Friday, October 30, 2009

Why Lexis and Westlaw Should NOT be Like Google

For the first time, I had a student write in my Advanced Legal Research class that they wished that Lexis and Westlaw could be more like Google. I had heard other librarians moan about this but had just not run across it til now. It really gave me pause to have it in hand. And it made me think, it challenged me. Why should this student not get her wish? If I sat down with this young woman and had a conversation, what would I say about why I disagreed? There must be more than just a knee-jerk revulsion against the transformation. What would be my reasoned argument to her?

I. Google flattens the world of information

When Google retrieves things from the Web, it does not distinguish what kind of information it is bringing back or what kind of source it is retrieving it from. For lawyers, this is disastrous. As a lawyer, you must care a great deal whether you are retrieving a statute or a piece of an article or a blog entry, or a case or a headnote. Some of these items are actually primary law (statutes and cases), which carry legal authority, and can be relied on in court. Others are secondary authority and will help you locate and interpret the primary authority (pretty much everything except the blog entry probably, and possibly even that). And some of it is merely commentary, and not reliable enough, probably to do secondary resource job. I am beginning to see occasional students who do not distinguish between these various resources, and now begin to see why. If they simply rely on Google to bring it, and learn not to care what "it" is, what a very dangerous habit for lawyers!

Students already seem to have trouble distinguishing between statutes and regulations on a pretty common basis. They need to have this explained, sometimes, even after taking an Administrative Law class. Perhaps they are merely being sloppy with terminology, but that is rather dangerous in itself. For that carelessness to extend to the whole world of information, bodes very badly indeed! This is not just a fussy librarian speaking. They will lose jobs; they will lose in court; they will lose clients; they will be disgraced.

II. While the goal of Google is to save you work, intellectual work is what lawyering is about, and what distinguishes the lawyer from the paralegal.

Already, searching on Lexis and Westlaw has done some interesting and perhaps deleterious things to legal analysis. I suspect that young lawyers and law students may be often relying on the cases found to do the legal analysis for them, rather than doing their own original thinking, or pre-analyzing the case. There seems to be growing weakness in analysis, and if it is not taught affirmatively in law school or some other part of training a lawyer for practice, many lawyers simply will not know how to do careful and creative analysis.

For instance, my students had not generalized the skills of reasoning by analogy or making policy arguments in cases where they could not find precedent in their jurisdiction. I am sure they had read cases in textbooks for other classes that did both, but they had never thought about doing that themselves! We had to talk through about how they what would they do, if they could not find cases on point in their jurisdiction. They certainly came up with persuasive authority -- bringing in cases from other jurisdictions. But nothing else at all came to mind.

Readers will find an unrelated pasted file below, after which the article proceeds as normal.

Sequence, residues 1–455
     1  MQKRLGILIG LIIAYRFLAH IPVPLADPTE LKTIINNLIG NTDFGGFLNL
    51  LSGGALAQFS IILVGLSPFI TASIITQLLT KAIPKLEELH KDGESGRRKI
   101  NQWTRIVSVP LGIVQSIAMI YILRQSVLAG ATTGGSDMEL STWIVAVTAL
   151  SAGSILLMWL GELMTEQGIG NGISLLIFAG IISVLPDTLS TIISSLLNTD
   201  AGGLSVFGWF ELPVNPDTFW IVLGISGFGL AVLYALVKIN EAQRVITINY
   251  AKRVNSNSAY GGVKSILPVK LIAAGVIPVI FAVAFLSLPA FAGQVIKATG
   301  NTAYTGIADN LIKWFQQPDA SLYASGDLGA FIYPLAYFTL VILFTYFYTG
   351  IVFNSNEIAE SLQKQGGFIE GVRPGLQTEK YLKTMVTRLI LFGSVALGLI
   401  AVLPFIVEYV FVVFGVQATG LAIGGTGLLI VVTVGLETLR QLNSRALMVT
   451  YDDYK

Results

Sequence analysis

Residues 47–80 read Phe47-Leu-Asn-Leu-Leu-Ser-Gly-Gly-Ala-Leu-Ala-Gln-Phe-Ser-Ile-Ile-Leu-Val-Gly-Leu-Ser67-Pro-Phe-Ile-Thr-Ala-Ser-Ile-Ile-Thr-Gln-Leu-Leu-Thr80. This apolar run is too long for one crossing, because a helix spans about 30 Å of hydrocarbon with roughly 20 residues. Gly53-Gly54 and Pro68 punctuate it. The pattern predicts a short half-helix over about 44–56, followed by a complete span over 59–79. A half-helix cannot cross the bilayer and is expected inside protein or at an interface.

If you are not prepared to do careful, precise thinking, the life of the law is not for you. If your ideal is to have Google or some other AI genie do your thinking, you are not cut out for lawyering. Not now, and not ever. Even if there ever is a true AI, a profession means that the human is taking a higher level of responsibility, and a higher level of expertise. For lawyers, the expertise is THINKING, ANALYSIS. We don't KNOW the law so much as know how to THINK ABOUT the law.

5 comments:

Betsy McKenzie said...

My son and I had a conversation about this last night. He pointed out that SOME Google users use careful and sophisticated searches that do NOT flatten the world of information. They add terms and use filters that specify, for instance, that they want results that will focus on cases or results from sources that will produce either cases or statutes, perhaps, or journal articles instead. This is true. But the users who are longing for Westlaw and Lexis to function like Google are NOT those searchers. The reason they wish everything worked like Google is that they like searches where they put in a word or two and -voila!- you get results. They like having the machine do the mental work, such as gets done. And herein lies the problem if you are planning to become a professional of any sort. My son is a computer scientist. He LOVES doing computer searching and is very good at it. But if he were confronted with a student who SAID he wanted to major in computer science but really preferred doing Google searches with one or two word searches and expected Google to sort the world for him or her, I think my son would see a problem with that student's career choice. The problem is not Google, the problem is with relying on Google to do the thinking for you! I should rephrase my original statement: Google, when used as a blunt search instrument, flattens the world of information. I guess the same is true of Lexis and Westlaw. But it remains less true when one must first choose a database.